AI also allows multiple risks to be managed simultaneously, which becomes particularly prevalent in times of chaos. In contrast, the uncontrolled manual process of risk management can lead to little or no progress.
Finding stability in times of chaos
Speaking of managing multiple risks at the same time – what happens when conflicting regulatory priorities come to the fore? As noted in a report on the Asia Pacific Regulatory Environment by Deloitte, there are a slew of new and rising regulatory challenges that organizations face: “Many topics relate to resilience and sustainability,” Report notes. “Responding quickly to changing landscapes; to meeting market events with minimal disruption to service; and working towards the long-term sustainability of their business models. We also consider the upcoming challenges posed by the application of new technologies and the looming threat of climate change.”
For this reason, an organization is bound to face a dilemma when considering which organization to sort through first. But not only do global companies need to be constantly aware of these regulations, but a comprehensive look at the regulatory requirements will reveal previously hidden problems. Once again, AI can create a common risk platform that leads to a single number that evaluates an organization’s risk view. Outside of AI, organizational priorities can be addressed within boards of directors, where executives can build workable risk management solutions while building a consensus view of their risk management landscape.
Even when the best risk management plan is considered, many external threats can emerge, such as security breaches and ransomware attacks. Although there is no inherently perfect risk management plan, a carefully designed and properly implemented solution is the best form of crisis management for an organization.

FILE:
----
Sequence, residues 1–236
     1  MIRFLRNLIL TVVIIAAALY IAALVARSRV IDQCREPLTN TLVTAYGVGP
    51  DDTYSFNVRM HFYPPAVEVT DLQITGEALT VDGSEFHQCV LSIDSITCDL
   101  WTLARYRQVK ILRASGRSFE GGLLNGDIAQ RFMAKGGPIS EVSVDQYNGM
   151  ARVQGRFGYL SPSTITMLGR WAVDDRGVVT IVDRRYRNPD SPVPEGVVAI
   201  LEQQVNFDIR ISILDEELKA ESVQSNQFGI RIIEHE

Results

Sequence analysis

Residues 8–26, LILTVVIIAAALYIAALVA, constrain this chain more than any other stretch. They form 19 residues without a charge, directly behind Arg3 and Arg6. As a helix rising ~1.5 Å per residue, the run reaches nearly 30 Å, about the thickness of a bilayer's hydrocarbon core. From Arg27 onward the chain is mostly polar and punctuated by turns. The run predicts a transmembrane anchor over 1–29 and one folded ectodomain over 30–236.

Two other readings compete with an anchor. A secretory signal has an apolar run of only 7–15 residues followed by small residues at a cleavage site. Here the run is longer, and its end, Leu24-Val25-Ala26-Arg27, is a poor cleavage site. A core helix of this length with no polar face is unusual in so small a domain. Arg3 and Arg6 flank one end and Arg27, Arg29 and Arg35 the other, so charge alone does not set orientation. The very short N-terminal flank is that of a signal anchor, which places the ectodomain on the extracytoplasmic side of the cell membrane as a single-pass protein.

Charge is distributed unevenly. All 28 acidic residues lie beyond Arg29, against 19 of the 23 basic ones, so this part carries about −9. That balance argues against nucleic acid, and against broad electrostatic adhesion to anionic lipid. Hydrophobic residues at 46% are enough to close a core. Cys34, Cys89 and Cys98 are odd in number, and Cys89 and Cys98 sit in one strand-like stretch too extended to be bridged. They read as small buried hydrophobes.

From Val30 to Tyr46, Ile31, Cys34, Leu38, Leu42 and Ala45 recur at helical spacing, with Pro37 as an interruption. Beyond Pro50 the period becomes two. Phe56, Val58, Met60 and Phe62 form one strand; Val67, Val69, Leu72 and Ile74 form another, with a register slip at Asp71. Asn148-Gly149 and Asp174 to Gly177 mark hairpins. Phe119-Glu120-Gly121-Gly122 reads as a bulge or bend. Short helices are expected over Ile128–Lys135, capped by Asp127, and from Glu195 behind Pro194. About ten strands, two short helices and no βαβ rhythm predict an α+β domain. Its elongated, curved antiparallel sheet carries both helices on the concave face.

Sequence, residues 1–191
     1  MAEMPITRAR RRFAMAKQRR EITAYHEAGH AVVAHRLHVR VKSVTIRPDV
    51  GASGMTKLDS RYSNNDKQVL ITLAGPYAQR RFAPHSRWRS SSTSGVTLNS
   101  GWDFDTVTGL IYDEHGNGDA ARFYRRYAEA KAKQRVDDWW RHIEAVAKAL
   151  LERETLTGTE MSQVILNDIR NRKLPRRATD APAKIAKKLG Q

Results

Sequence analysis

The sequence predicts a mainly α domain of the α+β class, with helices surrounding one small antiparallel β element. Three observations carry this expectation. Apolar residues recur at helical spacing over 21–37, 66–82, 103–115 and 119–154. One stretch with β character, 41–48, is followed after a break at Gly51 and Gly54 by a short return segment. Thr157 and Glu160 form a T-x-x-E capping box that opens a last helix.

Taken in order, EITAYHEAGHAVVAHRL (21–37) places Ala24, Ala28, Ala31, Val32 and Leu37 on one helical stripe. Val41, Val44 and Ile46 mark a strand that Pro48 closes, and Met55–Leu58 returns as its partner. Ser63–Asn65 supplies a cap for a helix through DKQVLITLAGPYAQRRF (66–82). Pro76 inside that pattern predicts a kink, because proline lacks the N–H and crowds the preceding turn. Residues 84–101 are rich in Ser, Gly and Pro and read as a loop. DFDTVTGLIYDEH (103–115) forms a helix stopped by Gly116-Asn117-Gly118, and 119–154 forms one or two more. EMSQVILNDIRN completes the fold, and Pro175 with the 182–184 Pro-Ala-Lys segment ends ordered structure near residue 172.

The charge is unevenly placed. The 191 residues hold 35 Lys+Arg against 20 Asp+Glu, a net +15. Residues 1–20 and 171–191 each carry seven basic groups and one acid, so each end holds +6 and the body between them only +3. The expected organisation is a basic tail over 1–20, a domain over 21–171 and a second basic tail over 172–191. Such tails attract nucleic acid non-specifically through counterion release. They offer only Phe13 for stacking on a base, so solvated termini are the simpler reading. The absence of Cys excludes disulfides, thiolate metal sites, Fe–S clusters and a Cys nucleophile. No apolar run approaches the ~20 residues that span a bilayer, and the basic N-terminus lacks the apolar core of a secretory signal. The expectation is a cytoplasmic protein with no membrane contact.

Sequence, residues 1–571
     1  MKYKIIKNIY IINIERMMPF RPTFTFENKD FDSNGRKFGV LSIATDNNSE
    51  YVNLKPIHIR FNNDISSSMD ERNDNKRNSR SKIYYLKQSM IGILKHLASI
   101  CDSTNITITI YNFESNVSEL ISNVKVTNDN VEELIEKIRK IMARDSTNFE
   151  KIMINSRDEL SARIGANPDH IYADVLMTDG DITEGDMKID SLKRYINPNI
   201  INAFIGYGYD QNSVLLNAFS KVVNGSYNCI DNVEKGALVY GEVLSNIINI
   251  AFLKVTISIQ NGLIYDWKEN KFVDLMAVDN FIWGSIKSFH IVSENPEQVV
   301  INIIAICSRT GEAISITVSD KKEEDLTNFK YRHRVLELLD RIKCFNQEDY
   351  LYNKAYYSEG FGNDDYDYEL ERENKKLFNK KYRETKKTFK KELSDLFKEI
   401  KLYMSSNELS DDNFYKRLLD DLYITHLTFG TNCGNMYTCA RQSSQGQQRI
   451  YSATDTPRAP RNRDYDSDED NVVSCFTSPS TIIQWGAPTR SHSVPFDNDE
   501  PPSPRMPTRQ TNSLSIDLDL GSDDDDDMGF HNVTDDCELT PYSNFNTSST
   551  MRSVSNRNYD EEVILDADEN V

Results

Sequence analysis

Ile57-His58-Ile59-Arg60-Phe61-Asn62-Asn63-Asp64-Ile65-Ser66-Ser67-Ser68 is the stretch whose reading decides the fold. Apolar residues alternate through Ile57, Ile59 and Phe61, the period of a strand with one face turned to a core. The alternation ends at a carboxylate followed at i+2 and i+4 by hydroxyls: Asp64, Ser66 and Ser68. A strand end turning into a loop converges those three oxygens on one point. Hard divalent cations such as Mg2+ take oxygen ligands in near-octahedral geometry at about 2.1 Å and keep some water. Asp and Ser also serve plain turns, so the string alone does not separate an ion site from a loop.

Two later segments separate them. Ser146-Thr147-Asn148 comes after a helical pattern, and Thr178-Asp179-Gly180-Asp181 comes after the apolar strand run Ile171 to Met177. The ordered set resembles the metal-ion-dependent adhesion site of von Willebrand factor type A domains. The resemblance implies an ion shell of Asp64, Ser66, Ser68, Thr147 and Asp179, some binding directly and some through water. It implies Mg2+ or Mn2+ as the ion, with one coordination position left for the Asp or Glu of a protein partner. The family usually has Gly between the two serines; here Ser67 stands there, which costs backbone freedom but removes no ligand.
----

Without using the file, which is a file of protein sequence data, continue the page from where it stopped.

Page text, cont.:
Looking to the future of operational flexibility
An integrated risk management approach is fundamental to achieving operational flexibility no matter what type of business you lead. As governance, risk, and compliance (GRC) solutions become more complex, data is gradually moving from qualitative to quantitative. This means that information that used to be complex and difficult to sort is now easier to understand and translate into action. Again, AI can’t do much on its own – people must keep active participation in the risk management process. For example, it is important to engage the front lines, because they are often your first line of defense. You need to provide them with the physical tools to adhere to all compliance and regulatory policies. Moreover, the combination of digital platforms and artificial intelligence allows risk leaders to interpret and learn from data, highlight patterns, and influence specific tasks and outcomes.
If it is not clear now, a robust risk management solution is the backbone of being operationally agile. With the proper processes in place to mitigate and attack risks before they become a real threat, the potential for chaos in the aftermath of a crisis becomes much lower. The pandemic is just one example of how companies are derailed when issues such as defects arise in the supply chain.
Although decisions about managing growing threats or potential attacks and compliance issues may seem overwhelming, the truth is that achieving operational resilience is not as far-reaching as it was once envisioned for organizations. Integrated risk management becomes the key to achieving operational flexibility and helping you turn volatility into order.